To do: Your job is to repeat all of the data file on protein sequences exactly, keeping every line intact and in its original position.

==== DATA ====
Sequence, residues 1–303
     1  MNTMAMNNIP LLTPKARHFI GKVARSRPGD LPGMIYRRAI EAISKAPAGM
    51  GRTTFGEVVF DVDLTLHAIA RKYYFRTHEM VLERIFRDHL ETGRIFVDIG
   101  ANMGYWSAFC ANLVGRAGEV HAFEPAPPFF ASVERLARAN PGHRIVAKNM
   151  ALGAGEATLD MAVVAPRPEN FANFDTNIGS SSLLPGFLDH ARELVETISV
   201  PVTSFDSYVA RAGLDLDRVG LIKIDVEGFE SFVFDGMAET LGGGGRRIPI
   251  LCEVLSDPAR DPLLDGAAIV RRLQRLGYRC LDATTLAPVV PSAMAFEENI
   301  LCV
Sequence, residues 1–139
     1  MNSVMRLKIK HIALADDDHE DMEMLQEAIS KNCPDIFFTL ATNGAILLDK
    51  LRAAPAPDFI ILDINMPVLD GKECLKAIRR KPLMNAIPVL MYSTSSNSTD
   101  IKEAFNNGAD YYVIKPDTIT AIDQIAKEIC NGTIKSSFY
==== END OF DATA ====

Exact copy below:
Sequence, residues 1–303
     1  MNTMAMNNIP LLTPKARHFI GKVARSRPGD LPGMIYRRAI EAISKAPAGM
    51  GRTTFGEVVF DVDLTLHAIA RKYYFRTHEM VLERIFRDHL ETGRIFVDIG
   101  ANMGYWSAFC ANLVGRAGEV HAFEPAPPFF ASVERLARAN PGHRIVAKNM
   151  ALGAGEATLD MAVVAPRPEN FANFDTNIGS SSLLPGFLDH ARELVETISV
   201  PVTSFDSYVA RAGLDLDRVG LIKIDVEGFE SFVFDGMAET LGGGGRRIPI
   251  LCEVLSDPAR DPLLDGAAIV RRLQRLGYRC LDATTLAPVV PSAMAFEENI
   301  LCV
Sequence, residues 1–139
     1  MNSVMRLKIK HIALADDDHE DMEMLQEAIS KNCPDIFFTL ATNGAILLDK
    51  LRAAPAPDFI ILDINMPVLD GKECLKAIRR KPLMNAIPVL MYSTSSNSTD
   101  IKEAFNNGAD YYVIKPDTIT AIDQIAKEIC NGTIKSSFY